One group that should be try it are the Socializers – as long as they don’t have to be the one setting it up. Pixel Lincoln is straightforward goofy fun, with mild downtime; it’s not overburdened with too many tactical choices or a lengthy time commitment. Whether they opt for future sessions will vary on their sense of humor, but Pixel Lincoln in their wheelhouse.
Still, this ease of access doesn’t mean it’s for everyone. Architects, for example, are likely going to want to skip this game. This is a bit of surprise considering this archetype tends to like deckbuilding games, but the difference is in the collection manner. Most deckbuilders get cards in a proactive manner: you take the cards you want for your deck, and you get to play those cards largely on your terms. Other players may interfere to some degree, but you’re still playing the deck the way you wish. Pixel Lincoln is more of a “reactive deckbuilder”. That is, there aren’t stacks of cards to choose from, and how your deck is crafted is by spending time and resources to get the item in front of you, or to skip it and move to the next item. The player here has far less control over what is available for their deck, and constantly having to scramble is not something Architects prefer to do.
Strikers will have similar reservations. Pixel Lincoln is an entertaining video game homage, but while it has Enemies to slay and Bosses to best, Strikers will have issues with the tempo. Even with all the monster slaying, it still moves with the speed of a deckbuilder. Pair that with the unpredictability of cards revealed, and you have a mix of a wacky and chaotic environment that they can’t tamper down. It’s better that they opt for the source material instead. Daredevils, on the other hand, should get a kick out of picking up bizarrely efficient weapons and running with them.
Immersionists will appreciate the oddly crafted world of Pixel Lincoln. They’ll likely enjoy the theme of a classic video game ported into board game form. Also, who wouldn’t want to stop an evil John Wilkes Booth and his army of luchador henchmen?
For Tacticians, it’s a bit of a mixed bag. Similarly to Strikers, some may have issue with the game’s chaotic nature for a deckbuilder – it’s particularly difficult to plan for the long game in Pixel Lincoln. That said, there’s certainly potential for them to enjoy it. Consistently having to reassess your situation each round makes thinking a turn ahead particularly useful if you’re able to adapt to changes easily enough. Adding in the special abilities of cards Equipped or discarded bolsters the number of strategic options available to a level they can work with. For those who can keep their plans flexible, bending without breaking, they’ll have fun. It may not have long-term lasting appeal to them, however, unless they are also fans of the theme.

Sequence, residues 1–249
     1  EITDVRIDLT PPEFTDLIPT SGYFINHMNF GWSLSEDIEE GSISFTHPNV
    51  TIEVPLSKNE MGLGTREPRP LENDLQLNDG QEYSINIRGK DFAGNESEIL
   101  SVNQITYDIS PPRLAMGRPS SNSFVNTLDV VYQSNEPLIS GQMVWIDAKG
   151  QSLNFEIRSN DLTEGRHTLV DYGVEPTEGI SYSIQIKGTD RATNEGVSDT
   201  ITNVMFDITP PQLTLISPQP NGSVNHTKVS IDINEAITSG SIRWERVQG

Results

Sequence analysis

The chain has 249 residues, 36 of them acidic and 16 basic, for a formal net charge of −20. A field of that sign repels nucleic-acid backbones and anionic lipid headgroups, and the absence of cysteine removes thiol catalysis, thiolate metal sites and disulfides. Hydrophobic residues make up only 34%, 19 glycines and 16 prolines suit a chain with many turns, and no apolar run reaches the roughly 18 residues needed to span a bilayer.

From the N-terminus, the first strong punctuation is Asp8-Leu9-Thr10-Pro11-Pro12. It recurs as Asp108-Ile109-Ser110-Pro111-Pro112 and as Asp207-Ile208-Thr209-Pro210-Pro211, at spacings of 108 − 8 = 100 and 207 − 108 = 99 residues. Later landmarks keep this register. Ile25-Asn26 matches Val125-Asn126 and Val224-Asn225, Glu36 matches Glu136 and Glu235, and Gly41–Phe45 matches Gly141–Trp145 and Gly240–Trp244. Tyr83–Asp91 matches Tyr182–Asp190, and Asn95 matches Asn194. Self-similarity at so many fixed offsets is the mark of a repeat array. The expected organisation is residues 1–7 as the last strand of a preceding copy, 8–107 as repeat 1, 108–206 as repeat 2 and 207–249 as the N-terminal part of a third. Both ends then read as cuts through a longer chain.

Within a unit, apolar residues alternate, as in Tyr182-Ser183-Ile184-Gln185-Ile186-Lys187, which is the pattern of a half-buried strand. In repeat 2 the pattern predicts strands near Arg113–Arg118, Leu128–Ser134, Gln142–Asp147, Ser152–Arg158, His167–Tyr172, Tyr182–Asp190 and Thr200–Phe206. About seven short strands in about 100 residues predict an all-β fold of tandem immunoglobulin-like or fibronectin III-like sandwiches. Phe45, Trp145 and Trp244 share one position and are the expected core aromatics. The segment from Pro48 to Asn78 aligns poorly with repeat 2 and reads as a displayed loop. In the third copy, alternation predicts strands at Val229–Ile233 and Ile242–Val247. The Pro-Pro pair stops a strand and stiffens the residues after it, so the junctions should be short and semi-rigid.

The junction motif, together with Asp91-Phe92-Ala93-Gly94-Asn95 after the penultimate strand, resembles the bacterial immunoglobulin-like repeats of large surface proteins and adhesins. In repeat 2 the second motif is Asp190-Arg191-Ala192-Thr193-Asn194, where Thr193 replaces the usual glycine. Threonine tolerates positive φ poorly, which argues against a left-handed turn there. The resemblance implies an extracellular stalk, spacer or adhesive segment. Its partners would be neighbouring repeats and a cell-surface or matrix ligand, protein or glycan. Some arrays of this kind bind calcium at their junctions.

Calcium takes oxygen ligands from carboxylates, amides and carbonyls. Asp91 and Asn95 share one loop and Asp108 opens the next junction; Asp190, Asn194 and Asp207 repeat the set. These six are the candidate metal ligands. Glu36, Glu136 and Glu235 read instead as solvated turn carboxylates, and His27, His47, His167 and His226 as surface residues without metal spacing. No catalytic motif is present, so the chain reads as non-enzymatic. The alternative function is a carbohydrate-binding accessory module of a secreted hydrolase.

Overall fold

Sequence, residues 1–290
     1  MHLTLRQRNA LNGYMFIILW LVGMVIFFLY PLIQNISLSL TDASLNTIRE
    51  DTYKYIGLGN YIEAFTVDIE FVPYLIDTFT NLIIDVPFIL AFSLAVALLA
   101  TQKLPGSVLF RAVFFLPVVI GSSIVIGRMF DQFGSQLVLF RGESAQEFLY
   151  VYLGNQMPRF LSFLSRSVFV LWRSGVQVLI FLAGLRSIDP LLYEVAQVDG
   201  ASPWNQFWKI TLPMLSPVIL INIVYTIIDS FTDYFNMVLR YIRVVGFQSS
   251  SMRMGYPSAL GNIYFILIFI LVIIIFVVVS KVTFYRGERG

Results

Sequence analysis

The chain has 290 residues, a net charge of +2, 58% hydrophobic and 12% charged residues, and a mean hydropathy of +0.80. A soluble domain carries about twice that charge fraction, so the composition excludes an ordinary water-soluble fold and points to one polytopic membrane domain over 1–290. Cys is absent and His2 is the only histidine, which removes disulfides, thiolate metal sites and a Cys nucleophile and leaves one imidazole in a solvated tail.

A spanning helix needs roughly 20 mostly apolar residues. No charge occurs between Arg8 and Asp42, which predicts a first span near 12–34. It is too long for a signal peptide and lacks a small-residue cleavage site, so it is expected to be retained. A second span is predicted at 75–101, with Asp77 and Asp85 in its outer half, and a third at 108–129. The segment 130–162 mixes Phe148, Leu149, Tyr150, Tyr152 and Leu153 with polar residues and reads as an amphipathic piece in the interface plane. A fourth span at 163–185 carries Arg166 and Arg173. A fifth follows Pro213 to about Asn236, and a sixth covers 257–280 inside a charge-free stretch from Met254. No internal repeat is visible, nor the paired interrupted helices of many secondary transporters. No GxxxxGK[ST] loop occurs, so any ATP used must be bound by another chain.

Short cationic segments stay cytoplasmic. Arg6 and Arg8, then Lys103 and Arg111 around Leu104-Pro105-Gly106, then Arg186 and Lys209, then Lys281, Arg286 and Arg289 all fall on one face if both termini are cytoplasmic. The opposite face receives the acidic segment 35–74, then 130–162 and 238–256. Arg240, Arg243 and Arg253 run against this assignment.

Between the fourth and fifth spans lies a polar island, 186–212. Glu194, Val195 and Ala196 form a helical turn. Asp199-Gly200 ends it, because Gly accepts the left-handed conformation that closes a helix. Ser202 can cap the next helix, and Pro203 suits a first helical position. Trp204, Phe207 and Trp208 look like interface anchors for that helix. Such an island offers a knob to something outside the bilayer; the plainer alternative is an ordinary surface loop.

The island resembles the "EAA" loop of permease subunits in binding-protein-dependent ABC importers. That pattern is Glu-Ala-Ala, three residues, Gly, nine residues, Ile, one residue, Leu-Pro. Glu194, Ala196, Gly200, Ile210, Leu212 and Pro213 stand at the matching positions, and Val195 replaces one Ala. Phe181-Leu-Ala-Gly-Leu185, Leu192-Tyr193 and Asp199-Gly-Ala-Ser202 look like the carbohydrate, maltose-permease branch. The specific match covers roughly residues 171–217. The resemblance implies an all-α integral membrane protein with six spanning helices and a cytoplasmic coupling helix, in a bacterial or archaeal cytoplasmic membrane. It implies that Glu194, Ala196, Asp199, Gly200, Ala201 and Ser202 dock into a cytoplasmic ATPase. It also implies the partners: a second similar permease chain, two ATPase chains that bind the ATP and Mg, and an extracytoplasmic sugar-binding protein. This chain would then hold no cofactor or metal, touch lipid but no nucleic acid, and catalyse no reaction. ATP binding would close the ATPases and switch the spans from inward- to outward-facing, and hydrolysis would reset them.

Pixel Lincoln bridges the divide between analog and digital gaming, reminding us that at the end of the day, what makes a good game isn’t the platform it’s on, but rather, if it’s entertaining. The appreciation of early console games has endured not because of the technology, but because so many were engaging, memorable, challenging, and above all, were able to resonate with us as young impressionable fans. In many ways, Pixel Lincoln captures that feeling as a cardboard shapshot of such games. The flavor is the most evocative part, and it does this particularly well. (You will, however, have to supply your own theme music.) A couple of the rules could use some tightening up or expanding upon, such as the ability to cull cards and the scaling issue of bosses, but that doesn’t detract too much from what is being offered. There’s a lot of variety and room for customization, helping to avoid it becoming stale. Pixel Lincoln can be played as a family game or as a game among those who will appreciate the 8-bit setting. Just watch out for the laser sharks.
Cardboard Republic Snapshot Scoring (Based on scale of 5):
Rules Clarity: 4
Replay Value: 3
Physical Quality: 3.5
Overall Score: 3